Grief Can't Name You
My aunt, my mom's youngest sister, passed away recently after a long and courageous battle with pancreatic cancer.
I was grateful to see her a couple of weeks ago--a visit filled with joy amid the sorrowful reality that she was dying. We gathered for a meal with as many family members who were able to come, and we laughed, reminisced, and she reveled in it.
One of the most curious and unsettling things about the visit was how much my aunt looked and sounded like my late mother. The way she talked, laughed, and her mannerisms were so eerily familiar.
I wasn't expecting the flood of emotions that came as I listened to her talk, watched her gestures, and felt all over again the loss of my mom and the realization that I would probably never see my aunt again in this life.
I also felt tremendous regret that I hadn't visited my aunt and talked to her more regularly over the past several years since my mom passed.
I realized that one of the many reasons I hadn't was because she reminded me so much of my mother, and because I'd been enmeshed in my own struggle with grief, I missed out on the chance to be more present with her.
Sometimes we get so attached to our feelings of loss that we don't know who we would be without them. They can come to define us.
I recently read this great quote from James Finley that resonated with me:
If you’re in sorrow and utter loss, don’t become attached to the experience of yourself in moments of utter loss. Rather, be detached from your loss. It’s real—but know that the loss doesn’t have the authority to name who you are, for only the infinite generosity of God giving itself to you in this very moment has the authority to name who you are. So, the loss is real. Feel it; it’s real. But don’t yield to its claim to carry you off...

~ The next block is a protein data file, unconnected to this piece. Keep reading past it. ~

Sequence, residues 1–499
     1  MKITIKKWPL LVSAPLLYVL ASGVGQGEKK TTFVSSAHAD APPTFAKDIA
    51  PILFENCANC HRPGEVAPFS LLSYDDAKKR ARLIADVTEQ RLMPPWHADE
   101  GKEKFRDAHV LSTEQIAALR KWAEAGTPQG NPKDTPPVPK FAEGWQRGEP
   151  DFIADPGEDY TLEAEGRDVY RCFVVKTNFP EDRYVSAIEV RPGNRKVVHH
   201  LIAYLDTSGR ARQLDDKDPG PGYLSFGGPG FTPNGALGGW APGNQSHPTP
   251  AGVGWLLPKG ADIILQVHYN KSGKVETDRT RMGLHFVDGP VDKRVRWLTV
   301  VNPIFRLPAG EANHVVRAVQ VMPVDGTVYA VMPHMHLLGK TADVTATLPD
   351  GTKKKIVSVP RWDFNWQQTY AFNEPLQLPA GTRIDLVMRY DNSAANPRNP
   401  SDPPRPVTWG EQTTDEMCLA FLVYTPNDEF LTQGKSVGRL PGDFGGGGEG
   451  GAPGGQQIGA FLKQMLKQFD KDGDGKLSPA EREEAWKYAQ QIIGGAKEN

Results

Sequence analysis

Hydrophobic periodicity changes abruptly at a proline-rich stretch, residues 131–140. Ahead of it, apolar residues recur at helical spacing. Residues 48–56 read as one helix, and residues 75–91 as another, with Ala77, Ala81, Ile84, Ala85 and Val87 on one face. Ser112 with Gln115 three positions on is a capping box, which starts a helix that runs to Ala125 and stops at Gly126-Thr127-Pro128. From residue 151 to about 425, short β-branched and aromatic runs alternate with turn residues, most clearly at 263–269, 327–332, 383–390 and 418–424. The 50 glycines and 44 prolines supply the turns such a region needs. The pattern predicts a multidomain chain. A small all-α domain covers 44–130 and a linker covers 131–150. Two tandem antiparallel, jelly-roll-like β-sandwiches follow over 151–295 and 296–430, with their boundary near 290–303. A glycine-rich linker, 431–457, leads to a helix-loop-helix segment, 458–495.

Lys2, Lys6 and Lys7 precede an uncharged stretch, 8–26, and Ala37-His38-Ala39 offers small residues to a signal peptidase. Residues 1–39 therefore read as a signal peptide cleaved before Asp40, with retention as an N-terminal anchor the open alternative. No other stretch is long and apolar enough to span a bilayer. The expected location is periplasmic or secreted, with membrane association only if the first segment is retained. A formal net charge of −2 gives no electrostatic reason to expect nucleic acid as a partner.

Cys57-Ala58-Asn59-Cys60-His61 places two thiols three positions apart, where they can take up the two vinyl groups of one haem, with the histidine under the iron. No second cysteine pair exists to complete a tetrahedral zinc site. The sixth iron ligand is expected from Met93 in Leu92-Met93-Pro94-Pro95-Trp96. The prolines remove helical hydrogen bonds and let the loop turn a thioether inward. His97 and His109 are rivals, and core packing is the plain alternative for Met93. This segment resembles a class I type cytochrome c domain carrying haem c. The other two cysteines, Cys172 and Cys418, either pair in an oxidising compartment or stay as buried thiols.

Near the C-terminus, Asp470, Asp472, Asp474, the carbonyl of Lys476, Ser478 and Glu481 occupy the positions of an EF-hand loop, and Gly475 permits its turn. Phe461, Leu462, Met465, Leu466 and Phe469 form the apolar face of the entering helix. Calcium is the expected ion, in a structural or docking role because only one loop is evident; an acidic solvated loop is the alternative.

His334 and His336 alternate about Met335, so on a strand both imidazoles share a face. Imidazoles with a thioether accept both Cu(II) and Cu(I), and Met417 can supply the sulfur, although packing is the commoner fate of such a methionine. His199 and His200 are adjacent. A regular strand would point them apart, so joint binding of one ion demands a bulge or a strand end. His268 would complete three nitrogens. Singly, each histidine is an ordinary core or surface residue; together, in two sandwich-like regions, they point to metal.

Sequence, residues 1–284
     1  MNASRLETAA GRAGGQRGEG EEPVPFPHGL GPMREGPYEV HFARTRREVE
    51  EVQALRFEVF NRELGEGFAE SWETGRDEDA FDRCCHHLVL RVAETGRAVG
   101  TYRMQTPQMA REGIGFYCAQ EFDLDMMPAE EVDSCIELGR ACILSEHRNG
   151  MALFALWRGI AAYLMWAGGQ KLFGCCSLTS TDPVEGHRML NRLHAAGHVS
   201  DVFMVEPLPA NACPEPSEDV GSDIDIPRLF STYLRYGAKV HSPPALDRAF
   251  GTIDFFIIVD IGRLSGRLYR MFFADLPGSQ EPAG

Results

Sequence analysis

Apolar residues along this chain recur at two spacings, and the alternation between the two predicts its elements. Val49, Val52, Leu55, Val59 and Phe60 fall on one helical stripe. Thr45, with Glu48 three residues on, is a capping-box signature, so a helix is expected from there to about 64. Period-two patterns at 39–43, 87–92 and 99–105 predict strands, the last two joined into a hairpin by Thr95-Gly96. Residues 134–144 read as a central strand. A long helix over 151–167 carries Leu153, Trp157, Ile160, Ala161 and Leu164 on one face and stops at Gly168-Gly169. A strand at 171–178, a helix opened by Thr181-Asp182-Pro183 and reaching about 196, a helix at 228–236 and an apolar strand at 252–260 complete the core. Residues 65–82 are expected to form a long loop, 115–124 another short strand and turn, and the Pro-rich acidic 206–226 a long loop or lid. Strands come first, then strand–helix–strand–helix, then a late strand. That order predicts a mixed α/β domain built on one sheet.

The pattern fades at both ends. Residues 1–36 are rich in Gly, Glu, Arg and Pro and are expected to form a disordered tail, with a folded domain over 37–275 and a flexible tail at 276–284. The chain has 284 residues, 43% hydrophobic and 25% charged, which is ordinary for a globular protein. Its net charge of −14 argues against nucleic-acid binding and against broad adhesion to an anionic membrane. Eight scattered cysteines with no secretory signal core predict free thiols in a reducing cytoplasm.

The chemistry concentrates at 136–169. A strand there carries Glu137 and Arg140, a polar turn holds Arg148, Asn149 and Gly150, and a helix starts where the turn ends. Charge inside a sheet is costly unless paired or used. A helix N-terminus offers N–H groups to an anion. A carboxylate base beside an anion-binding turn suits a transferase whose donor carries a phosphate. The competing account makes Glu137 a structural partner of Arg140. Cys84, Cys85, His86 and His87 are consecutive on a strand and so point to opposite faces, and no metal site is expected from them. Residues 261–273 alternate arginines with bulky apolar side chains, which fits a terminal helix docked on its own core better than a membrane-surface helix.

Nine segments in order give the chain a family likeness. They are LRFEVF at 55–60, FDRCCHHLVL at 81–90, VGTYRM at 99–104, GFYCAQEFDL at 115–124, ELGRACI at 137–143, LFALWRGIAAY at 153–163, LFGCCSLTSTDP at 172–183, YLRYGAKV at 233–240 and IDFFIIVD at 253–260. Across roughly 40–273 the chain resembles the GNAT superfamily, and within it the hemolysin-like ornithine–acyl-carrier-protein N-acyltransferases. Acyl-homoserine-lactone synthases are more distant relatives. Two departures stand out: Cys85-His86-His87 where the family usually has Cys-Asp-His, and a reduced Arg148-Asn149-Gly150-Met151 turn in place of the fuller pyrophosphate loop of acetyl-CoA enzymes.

The difficult task of feeling grief without being carried off by it is one that many of us handle poorly at best.
We can far too quickly become people of grief, letting it define us, name us, and cover our every action in some way, shape, or form.
But even though our feelings of sorrow and loss should be felt, they ought to be acknowledged; they don't have to define us. As Finley writes, they don't have the "authority to name who you are."
That authority is held by a God who loves us beyond our imagination and restores, renews, and resurrects what we imagine might be left for dead.
We are not people of grief; we are people of the Resurrection.
And when we begin to internalize this truth, we can live more fully into our feelings of grief that we should rightly feel, but that should not leave us in denial, anger, or depression.
If they lead us at all, they should lead us to the kind of acceptance that comes when we know that we are ultimately led by a God who empties tombs, raises us to renewed life, and is never done making all things new.
So if you are experiencing the pain of loss today, be encouraged. It doesn't name you. God does. And your name is Beloved. Your name is Risen.
Your loved ones, dreams, and longings that seemingly faded from existence will live again. God doesn't let a little thing like death get in the way of getting what God ultimately wants for you, me, and all of Creation.
May you live today in the warm glow of this knowledge. May you be free from the false authority of real and imagined grief. May you find new life today and every day from this day, and be at peace.
And may the grace and peace of our Lord Jesus Christ be with you now and always. Amen.